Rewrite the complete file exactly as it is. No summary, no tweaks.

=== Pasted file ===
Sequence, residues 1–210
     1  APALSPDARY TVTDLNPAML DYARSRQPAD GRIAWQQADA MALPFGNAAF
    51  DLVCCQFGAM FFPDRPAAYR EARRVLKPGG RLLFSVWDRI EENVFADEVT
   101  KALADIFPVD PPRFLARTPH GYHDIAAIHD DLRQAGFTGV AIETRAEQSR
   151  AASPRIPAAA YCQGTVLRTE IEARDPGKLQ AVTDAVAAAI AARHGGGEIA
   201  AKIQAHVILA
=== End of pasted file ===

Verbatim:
Sequence, residues 1–210
     1  APALSPDARY TVTDLNPAML DYARSRQPAD GRIAWQQADA MALPFGNAAF
    51  DLVCCQFGAM FFPDRPAAYR EARRVLKPGG RLLFSVWDRI EENVFADEVT
   101  KALADIFPVD PPRFLARTPH GYHDIAAIHD DLRQAGFTGV AIETRAEQSR
   151  AASPRIPAAA YCQGTVLRTE IEARDPGKLQ AVTDAVAAAI AARHGGGEIA
   201  AKIQAHVILA